LAS VEGAS (KTNV) — Zamier Marshall had high expectations for his senior year at Liberty High School.
"I just couldn't wait to be that senior with a couple of classes," Marshall said. "Going to school late, leaving early, coming back for football practice."
After three years of regular 12-hour days, Marshall was looking forward to a lighter class schedule and the chance to defend a state championship. Then COVID-19 hit - school went virtual and football got delayed.
"You do get depressed a little because I can't speak for everybody else, but me, I only went to school to play football," he said. "I do good in school and I keep my grades up and I know school is important but football is my motivation."
For someone with a 3.8 GPA and plans to go out of state for college, Marshall said virtual class is not preparing him the way he thought it would.
"I would rather go back to school and put the work in than take the easy way out because that's what I feel like I'm doing with virtual learning," he said. "It's not getting me ready for college."
Marshall is one of more than 300,000 CCSD students in remote learning. One of many who are struggling to make this model work for them. Recent CCSD data tells a seemingly contradictory story. Many of the district's indicators of mental health have dropped compared to last year. There have been fewer tips submitted to the anonymous SafeVoice app, fewer calls to the Department of Family Services, and significantly fewer reports of suicide ideation. And yet, suicides are up.
"We've lost more this year than all of last year in this first semester," said CCSD Superintendent Dr. Jesus Jara.
Jara said 11 students have committed suicide since August. Last school year, there was one.
Jara also said there are likely many factors at play.
"When you really look at the social isolation, when you look at what's happening to the economy and at home, there's a lot of factors and kids not being in school," he said.
The school district is moving toward a likely hybrid model of learning come January but right now, they're stepping up mental health supports for kids across the district and implementing pilot program at 11 schools that will provide intense mental health support to students.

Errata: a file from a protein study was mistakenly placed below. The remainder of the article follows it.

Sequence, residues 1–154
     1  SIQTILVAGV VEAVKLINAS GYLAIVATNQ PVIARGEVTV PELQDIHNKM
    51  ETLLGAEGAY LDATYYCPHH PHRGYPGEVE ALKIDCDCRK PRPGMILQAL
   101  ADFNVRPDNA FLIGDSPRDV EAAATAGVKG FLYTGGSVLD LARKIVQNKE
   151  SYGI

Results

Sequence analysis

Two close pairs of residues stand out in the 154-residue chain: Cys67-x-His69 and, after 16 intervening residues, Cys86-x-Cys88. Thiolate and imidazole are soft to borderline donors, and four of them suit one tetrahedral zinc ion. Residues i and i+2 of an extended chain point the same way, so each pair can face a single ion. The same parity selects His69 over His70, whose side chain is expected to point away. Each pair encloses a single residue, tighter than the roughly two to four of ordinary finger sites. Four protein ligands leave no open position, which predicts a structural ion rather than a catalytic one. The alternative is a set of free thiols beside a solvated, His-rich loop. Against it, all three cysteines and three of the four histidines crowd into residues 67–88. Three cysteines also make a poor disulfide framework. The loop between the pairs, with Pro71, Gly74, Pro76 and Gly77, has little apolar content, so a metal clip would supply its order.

"These are critical. These are essential. These are the lives of our children," he said.
As for Marshall, no matter what happens this school year, his focus is on what's next.
"To say I am going to college, yes, I am going to college. Where? We're going to find out a little later. I'll be committing January 1st," he said, of his plans to play football in college.
Dr. Sheldon Jacobs is a licensed marriage and family therapist, who works with students. He said parents and caregivers should watch out for subtle changes in mood or behavior, sleep, diet and how children are interacting with others. Jacobs said social distancing doesn't have to mean social isolation.
"Parents I think have a responsibility to be open-minded and to be supportive and just to listen," Jacobs said.
Parents and caregivers can also get creative - planning virtual groups for the kids with friends and heading outside.
"A lot of places people can't go outside because it's so cold," he said. "We're still able to get outside and get some of the Vitamin D which really is not only important but it's also vitamins for our mental health too."
Dr. Jacobs said if a child is really struggling, parents should use every resource available to them including therapy. Mental health resources are available here.